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Implementing a Standardized Protocol Helps to Increase Diagnosis of Eosinophilic Esophagitis

Prateek Sharma, MD, FASGE, reviewing Krarup AL, et al. Endoscopy 2020 Aug 5.

The incidence of eosinophilic esophagitis (EoE), a condition characterized by esophageal eosinophilia and dysfunction, has been reported in about 5 to 10 per 100,000 individuals. Interestingly, northern Denmark, with a population of about 580,000, recorded only as many as 4 cases annually until 2010. In September 2011, a meeting was held in Denmark to reach a consensus on biopsy and pathology reporting protocols. This publication is a retrospective evaluation of the EoE cohorts before and after the meeting (2007-2017).

The attendees of the consensus meeting, which was attended by 82% of the invited endoscopy leaders, concluded that they would obtain esophageal biopsies using the “4-14-4 rule” (4 biopsies from 14 cm and 4 cm above the gastroesophageal junction) and that pathologists would report when eosinophilia – especially ≥15 eosinophils per high-power field – was present. These centralized pathology reports would link to the regional EoE guideline. Educational information and a summary of the consensus reached was distributed to all endoscopy centers in the North Denmark Region via short lectures and emails to all endoscopy unit directors. 

According to Denmark’s national pathology registry, 309 patients (229 males [median age, 50 years]; 80 females [median age, 47 years]) were diagnosed with EoE from 2007 through 2017. While there were only 9 patients in the database prior to the consensus meeting (2007-2010), the number increased to 294 after the meeting (2012-2017). Of the 309 patients in the registry, 74% were categorized as having EoE and 24% had GERD. The new protocol resulted in a 12-fold increase in the median number of patients diagnosed with EoE per year (0.4/100,000 [2007-2010] to 6.2/100,000 [2012-2017]). Overall, the frequency of esophageal eosinophilia diagnoses increased 50-fold from the earlier time period of 2001 to 2010 (1/year; 0.2/100,000) to the later time period of 2010 to 2017 (52/year; 8.9/100,000). There was a 14% increase in the number of upper endoscopies and a 100% increase in the frequency of biopsies performed after the meeting compared to before the meeting.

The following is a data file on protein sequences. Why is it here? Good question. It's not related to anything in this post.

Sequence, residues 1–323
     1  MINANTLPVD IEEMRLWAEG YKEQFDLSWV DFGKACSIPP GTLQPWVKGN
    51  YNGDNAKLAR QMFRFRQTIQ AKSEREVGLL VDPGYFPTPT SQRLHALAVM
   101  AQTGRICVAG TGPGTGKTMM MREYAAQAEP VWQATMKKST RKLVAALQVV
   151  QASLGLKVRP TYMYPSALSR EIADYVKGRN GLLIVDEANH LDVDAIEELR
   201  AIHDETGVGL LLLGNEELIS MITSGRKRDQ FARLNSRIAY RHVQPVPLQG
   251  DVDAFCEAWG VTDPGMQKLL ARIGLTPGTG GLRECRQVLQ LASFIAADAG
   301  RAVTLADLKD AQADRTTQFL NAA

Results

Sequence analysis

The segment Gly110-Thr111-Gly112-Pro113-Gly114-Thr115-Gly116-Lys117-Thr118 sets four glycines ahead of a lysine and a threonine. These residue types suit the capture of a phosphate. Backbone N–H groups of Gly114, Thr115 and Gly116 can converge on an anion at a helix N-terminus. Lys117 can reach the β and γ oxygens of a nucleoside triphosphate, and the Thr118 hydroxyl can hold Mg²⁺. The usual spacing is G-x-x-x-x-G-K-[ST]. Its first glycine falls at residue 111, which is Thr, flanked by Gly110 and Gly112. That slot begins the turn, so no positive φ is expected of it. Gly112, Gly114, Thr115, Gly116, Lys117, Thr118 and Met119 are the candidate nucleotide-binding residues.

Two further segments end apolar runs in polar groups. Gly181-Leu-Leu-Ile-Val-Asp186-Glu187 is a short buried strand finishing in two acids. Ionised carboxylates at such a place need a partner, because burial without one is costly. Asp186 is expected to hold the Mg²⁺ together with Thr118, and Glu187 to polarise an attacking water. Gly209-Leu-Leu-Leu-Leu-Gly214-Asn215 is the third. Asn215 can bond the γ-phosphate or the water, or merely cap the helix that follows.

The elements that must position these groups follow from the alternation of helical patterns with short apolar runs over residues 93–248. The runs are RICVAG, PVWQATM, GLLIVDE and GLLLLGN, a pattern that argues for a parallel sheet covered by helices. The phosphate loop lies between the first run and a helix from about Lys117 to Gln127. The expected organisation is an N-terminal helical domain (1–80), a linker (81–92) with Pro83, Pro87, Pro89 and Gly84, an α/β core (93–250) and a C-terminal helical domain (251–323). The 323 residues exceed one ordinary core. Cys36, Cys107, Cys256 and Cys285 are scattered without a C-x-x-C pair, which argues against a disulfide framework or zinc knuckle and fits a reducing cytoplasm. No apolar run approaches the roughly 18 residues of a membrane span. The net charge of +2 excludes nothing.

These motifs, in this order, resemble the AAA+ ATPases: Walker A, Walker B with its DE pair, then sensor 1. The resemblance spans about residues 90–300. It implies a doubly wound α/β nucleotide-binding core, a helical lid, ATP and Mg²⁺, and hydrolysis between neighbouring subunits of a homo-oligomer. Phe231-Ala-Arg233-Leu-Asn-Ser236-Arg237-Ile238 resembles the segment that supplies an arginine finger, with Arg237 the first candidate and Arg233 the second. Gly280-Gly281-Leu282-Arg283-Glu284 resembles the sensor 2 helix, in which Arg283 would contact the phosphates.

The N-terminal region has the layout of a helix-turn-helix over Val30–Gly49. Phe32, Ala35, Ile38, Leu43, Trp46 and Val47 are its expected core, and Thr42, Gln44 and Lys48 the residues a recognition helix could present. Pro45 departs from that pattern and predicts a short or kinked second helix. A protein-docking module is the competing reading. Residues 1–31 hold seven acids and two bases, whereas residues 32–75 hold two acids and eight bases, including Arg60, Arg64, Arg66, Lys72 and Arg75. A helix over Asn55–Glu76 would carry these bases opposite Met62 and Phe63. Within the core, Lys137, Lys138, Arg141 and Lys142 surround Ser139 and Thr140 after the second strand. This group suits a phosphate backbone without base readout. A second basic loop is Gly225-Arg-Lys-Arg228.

Prateek Sharma, MD, FASGE

COMMENT

The diagnosis of EoE is impacted directly by lack of awareness, inadequate endoscopic sampling, histopathological identification, and/or reporting. There is a benefit of implementing a standardized diagnostic protocol (in the right clinical setting) besides improving awareness and detection of EoE: it will help patients who would have otherwise not been diagnosed obtain the right treatment.

Note to readers: At the time we reviewed this paper, its publisher noted that it was not in final form and that subsequent changes might be made.

CITATION(S)

Krarup AL, Drewes AM, Ejstrud P, Laurberg PT, Vyberg M. Implementation of a biopsy protocol to improve detection of esophageal eosinophilia: a Danish registry-based study. Endoscopy 2020 Aug 5. (Epub ahead of print) (https://doi.org/10.1055/a-1206-0852)

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